Antony and Octavius made a pact with a third party (Marcus Aemilius Lepidus) to rule Rome after the assassination of Julius Caesar in 44 BCE. In the civil war that followed Caesar's death, they defeated the assassins' forces in 42 BCE. The next year, Antony fell in love with Egyptian queen Cleopatra. After Antony suffered a military defeat against the Parthians in 36 BCE, he and Octavius had a falling out. Worsening the situation was the fact that, in 32 BCE, Antony divorced his Roman wife, Octavia (the sister of Octavius) and ceded many of the eastern Roman territories to Cleopatra and their children. Finally, in 31 BCE, a new civil war broke out between the Roman Senate-supported Octavius and Antony/Cleopatra.

The Roman historian Plutarch wrote that the first move in the war was made by Antony (at the insistence of Cleopatra). Thus we see that the "king of the South" indeed first attacked the "king of the North." The Roman Senate quickly pronounced Antony an outlaw and declared war on Cleopatra.

In this war, Herod supported Antony and sent supplies to his forces. He wished to join Antony for a final showdown with Octavius, but fortunately Antony dispatched him and his troops to fight the Nabatean king Malichus I.

Amazingly, the prophecy was accurately fulfilled in regard to the composition of the forces engaged in the war. Despite the fact that each side had assembled large infantry forces, Plutarch records that these infantry were not engaged at all in the short war. Although his generals advised Antony to use his overwhelming infantry advantage to defeat Octavius, Antony decided to prosecute the war primarily with ships in order to satisfy the request of Cleopatra. Thus the conflict was decided by chariots, horsemen, and in a major naval battle, approximately 630 ships. After the navy of Antony and Cleopatra was routed off the promontory of Actium in Greece on September 2, 31 BCE, the infantry deserted and never saw battle.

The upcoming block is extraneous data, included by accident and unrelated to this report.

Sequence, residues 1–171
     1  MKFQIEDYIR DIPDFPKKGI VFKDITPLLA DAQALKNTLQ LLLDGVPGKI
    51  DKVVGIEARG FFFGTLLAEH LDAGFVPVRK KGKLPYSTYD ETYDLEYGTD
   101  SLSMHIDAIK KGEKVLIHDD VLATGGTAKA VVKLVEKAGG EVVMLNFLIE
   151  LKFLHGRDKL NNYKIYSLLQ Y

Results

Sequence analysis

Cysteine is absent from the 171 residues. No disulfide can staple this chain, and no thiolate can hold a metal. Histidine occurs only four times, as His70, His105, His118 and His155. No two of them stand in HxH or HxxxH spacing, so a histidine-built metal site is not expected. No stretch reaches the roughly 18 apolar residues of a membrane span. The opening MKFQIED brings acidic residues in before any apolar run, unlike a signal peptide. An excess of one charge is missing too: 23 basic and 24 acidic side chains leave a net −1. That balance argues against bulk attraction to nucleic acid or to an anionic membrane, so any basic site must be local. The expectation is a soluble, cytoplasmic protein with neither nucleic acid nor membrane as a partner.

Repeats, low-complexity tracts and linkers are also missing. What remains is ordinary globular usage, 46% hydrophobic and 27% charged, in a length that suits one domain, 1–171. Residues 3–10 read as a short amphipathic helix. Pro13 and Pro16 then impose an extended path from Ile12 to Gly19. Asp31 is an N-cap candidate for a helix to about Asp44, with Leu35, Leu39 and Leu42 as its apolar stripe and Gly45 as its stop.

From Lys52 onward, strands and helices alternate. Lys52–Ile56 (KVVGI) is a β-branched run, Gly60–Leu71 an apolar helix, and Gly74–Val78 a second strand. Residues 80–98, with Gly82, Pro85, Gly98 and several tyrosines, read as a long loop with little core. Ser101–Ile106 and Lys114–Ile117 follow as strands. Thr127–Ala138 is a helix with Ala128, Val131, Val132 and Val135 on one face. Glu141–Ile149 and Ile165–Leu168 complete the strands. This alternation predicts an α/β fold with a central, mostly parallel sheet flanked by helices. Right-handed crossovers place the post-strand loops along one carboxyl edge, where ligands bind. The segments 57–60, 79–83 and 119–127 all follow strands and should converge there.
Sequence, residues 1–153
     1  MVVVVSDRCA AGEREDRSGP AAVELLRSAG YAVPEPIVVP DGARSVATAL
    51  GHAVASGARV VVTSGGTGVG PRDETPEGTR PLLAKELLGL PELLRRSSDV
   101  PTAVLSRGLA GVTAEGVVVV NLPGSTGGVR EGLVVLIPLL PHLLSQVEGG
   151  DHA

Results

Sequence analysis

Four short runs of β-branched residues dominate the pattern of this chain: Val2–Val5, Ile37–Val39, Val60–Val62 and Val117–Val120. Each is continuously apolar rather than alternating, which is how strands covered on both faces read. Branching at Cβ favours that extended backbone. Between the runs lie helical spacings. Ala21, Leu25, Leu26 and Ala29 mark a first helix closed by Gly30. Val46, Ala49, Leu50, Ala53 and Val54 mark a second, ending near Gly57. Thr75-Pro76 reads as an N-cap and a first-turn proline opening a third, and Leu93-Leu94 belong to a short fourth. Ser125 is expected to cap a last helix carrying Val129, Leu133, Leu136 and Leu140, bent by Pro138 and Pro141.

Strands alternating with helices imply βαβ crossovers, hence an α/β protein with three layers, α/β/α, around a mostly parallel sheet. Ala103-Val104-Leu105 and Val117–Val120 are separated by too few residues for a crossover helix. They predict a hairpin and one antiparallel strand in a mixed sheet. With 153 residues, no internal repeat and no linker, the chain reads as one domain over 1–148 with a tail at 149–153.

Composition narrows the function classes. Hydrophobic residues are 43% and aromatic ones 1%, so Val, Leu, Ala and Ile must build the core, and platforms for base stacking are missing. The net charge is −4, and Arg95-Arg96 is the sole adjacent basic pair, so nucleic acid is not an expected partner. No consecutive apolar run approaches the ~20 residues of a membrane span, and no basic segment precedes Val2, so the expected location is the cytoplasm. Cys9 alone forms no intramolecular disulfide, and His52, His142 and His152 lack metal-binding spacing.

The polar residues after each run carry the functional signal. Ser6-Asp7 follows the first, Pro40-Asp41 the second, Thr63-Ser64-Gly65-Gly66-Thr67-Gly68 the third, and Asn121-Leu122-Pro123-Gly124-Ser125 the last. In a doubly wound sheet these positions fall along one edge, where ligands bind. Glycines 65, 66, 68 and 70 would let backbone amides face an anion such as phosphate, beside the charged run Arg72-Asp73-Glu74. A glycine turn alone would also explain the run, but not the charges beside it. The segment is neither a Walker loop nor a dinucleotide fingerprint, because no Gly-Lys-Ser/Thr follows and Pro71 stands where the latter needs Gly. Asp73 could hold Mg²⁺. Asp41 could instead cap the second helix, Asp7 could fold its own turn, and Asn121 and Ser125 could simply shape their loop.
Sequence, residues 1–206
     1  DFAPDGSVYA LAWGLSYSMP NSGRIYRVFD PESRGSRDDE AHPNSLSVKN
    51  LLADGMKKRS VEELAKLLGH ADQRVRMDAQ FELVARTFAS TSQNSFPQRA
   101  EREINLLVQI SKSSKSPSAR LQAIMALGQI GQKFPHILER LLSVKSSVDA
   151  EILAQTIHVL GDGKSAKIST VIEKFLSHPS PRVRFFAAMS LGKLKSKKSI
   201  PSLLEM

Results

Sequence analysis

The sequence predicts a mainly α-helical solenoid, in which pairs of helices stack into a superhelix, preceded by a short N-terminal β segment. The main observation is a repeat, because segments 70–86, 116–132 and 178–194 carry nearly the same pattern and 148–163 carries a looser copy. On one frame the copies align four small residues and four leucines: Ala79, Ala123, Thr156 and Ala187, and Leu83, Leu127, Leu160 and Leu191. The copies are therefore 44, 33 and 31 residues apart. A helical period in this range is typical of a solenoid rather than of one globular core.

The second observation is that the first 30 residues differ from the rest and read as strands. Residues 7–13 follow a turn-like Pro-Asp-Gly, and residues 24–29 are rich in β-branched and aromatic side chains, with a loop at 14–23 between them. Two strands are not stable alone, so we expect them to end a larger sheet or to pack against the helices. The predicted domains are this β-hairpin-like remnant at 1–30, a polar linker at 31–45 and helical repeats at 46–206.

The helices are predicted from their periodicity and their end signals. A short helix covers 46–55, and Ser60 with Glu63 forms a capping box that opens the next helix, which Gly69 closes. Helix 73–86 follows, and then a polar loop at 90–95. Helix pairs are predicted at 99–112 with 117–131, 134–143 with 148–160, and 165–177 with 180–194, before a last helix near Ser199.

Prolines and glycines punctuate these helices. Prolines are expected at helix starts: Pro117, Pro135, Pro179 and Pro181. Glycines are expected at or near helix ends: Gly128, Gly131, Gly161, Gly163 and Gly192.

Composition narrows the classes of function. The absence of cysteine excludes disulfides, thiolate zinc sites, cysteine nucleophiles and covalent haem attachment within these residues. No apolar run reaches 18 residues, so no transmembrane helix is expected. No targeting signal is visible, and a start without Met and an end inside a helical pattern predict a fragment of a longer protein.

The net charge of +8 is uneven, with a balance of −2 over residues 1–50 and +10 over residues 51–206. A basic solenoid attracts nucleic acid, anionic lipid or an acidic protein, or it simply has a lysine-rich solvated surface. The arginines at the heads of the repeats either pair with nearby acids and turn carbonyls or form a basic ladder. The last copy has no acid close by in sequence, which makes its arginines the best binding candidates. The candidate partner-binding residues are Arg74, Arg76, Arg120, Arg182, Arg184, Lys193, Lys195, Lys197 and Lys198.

Seeing that Antony was all but defeated, Herod helped Quintus Didius, the Roman governor of Syria, prevent a troop of Antony's gladiators from reaching Egypt to aid Antony. Herod then undertook a dangerous sea voyage in winter 30 BCE to meet with Octavius on the Greek island of Rhodes. Herod came to him humbly and stated that he would be as loyal to Octavius as he had previously been to Antony. Octavius accepted Herod's pledge and promised him continued rule over Judea.

DANIEL 11:41 "He shall also enter the Glorious Land, and many countries shall be overthrown; but these shall escape from his hand: Edom, Moab, and the prominent people of Ammon." (NKJV)

The course Octavius took after his victory over Antony and Cleopatra accurately follows the prophecy. He passed through Syria, Judea (the "glorious land"), and Egypt in his pursuit of the pair. However, the lands of Edom, Moab, and Ammon were not invaded during this excursion. A later expedition into these areas (about 25 BCE), under the command of Aelius Gallus along with 500 troops from Herod, was not successful and no further efforts were made against them.